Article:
In 1985, Ruvkun accepted an assistant professorship at Harvard University/Massachusetts General Hospital, where he continued his work on the lin-14 gene. He discovered genetic anomalies in lin-14’s sequence—specifically in an area of the gene known as the 3' untranslated region (3' UTR)—that were associated with excess production of the lin-14 protein produced from the messenger RNA that lin-4 targets. Meanwhile, Ambros, who was now at Dartmouth College, had found that the gene product of lin-4 was not the typical regulatory protein, but a tiny (only about 22 nucleotides long) non-protein-coding strand of RNA. This was the first discovery of what would later be called a microRNA. 

One evening, Ruvkun and Ambros decided to compare the DNA sequences of the tiny lin-4 RNA and the lin-14 3' untranslated region (3' UTR). They discovered, to their amazement, that some of the sequences matched and that when the lin-4 microRNA binded to its complementary section on 3' UTR, the binding limited the amount of protein that the cell could produce, which, in turn, affected the developmental fate of the worm. In 1993, Ruvkun and Ambros published back-to-back papers in the journal Cell. Ambros described how the regulatory product of lin-4 was a 22-nucleotide-long RNA, and Ruvkun reported on how that RNA was able to suppress the translation of the protein from the lin-14 messenger RNA by binding directly to the mRNA itself.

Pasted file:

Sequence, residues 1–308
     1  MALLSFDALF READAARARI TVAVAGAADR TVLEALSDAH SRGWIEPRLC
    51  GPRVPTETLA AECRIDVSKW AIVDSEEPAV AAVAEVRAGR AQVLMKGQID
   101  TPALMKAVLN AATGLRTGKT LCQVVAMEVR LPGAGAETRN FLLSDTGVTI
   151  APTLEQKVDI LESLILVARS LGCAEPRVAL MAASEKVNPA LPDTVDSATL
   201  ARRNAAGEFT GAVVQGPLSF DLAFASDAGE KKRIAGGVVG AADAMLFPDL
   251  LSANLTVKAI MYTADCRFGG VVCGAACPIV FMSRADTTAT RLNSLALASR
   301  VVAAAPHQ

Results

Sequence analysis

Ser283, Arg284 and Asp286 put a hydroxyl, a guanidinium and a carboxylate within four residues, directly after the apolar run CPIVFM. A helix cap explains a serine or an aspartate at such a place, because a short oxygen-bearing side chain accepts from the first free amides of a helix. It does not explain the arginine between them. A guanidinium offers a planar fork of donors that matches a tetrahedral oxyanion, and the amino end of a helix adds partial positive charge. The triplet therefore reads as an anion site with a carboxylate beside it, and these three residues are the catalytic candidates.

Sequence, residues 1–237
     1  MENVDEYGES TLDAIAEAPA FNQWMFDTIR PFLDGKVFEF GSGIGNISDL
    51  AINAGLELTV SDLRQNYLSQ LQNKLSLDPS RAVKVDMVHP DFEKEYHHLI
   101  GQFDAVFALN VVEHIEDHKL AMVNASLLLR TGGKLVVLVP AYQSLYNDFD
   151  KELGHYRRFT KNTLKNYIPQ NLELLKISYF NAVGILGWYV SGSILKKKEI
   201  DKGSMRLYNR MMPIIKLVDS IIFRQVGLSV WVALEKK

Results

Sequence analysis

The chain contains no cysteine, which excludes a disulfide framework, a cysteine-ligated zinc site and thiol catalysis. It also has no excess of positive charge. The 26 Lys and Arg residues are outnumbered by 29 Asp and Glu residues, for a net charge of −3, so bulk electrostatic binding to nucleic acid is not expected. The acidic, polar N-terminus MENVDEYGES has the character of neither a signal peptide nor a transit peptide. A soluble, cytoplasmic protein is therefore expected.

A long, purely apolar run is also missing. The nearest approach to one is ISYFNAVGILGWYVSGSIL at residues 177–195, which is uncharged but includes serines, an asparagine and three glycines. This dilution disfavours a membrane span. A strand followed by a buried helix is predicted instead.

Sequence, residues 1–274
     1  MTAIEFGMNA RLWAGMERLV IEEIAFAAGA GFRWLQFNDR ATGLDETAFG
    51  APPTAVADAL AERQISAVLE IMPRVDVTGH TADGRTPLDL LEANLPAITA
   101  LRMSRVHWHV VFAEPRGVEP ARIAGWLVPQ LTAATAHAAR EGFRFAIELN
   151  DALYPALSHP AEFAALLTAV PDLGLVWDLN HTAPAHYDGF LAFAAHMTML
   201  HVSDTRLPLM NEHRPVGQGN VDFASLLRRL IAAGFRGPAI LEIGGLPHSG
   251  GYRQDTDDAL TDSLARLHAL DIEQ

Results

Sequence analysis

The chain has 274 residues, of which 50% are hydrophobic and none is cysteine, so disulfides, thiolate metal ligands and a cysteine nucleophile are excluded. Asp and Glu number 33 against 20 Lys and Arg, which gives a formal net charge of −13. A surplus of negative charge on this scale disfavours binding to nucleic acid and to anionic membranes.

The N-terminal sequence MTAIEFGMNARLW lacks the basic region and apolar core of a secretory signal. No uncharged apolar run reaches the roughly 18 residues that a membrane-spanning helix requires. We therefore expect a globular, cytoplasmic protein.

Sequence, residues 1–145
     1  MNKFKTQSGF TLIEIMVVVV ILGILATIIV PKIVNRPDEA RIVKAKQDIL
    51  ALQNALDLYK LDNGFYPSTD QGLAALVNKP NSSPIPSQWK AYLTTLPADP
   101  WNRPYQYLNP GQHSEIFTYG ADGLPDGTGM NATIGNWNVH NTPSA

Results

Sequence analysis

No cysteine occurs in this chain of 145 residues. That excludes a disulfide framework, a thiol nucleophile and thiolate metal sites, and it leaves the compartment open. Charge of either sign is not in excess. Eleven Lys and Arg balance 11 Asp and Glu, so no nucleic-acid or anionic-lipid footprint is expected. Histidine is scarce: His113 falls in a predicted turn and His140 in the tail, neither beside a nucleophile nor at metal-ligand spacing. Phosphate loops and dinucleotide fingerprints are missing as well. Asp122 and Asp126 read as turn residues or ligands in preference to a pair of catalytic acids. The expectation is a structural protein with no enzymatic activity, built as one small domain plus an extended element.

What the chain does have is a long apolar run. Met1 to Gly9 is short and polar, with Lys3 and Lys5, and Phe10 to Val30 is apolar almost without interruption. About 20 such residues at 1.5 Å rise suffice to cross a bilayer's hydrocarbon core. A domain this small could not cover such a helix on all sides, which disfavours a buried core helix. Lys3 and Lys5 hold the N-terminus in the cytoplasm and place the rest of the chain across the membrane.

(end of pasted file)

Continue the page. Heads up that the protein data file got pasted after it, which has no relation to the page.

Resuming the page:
In 2000, Ruvkun reported the discovery of a second microRNA, let-7, that also regulated the larvae-to-adulthood development of C. elegans. He also demonstrated that let-7 was evolutionarily conserved across the animal kingdom, including fruit flies, zebrafish, sea urchins, and humans. This was a seminal discovery, for it meant that the regulatory role of microRNAs was not restricted to C. elegans. 

Ruvkun’s lab has made other important findings in the field, including the isolation and sequencing of the daf-2 gene, which is involved in the insulin-like signaling pathway that controls C. elegans metabolism and longevity. These pathways are similar to those implicated in human insulin resistance, or type 2 diabetes, and in human aging. 

Ruvkun’s groundbreaking studies have helped to revolutionize our understanding of gene regulation, and have played a central role in establishing the study of microRNAs as an exciting field of scientific research—one with many implications for human health and disease. “In 1993, the field had only two references, Victor’s and mine. Today, it has almost 22,000 references,” Ruvkun notes. 

Ruvkun lives in the Boston area with his wife, Natasha Staller, who is a professor of art history at Amherst College, and their daughter, Victoria, who is a junior in high school. He has received many honors and awards, including memberships in the National Academy of Sciences, the American Academy of Arts and Sciences, and the Institute of Medicine. Throughout his career, he also never lost his boyhood enthusiasm for space science. One of his lab’s long-term projects is to develop robotic tools that can search for life on Mars that is ancestrally related to life on Earth, using DNA or RNA, like life on Earth.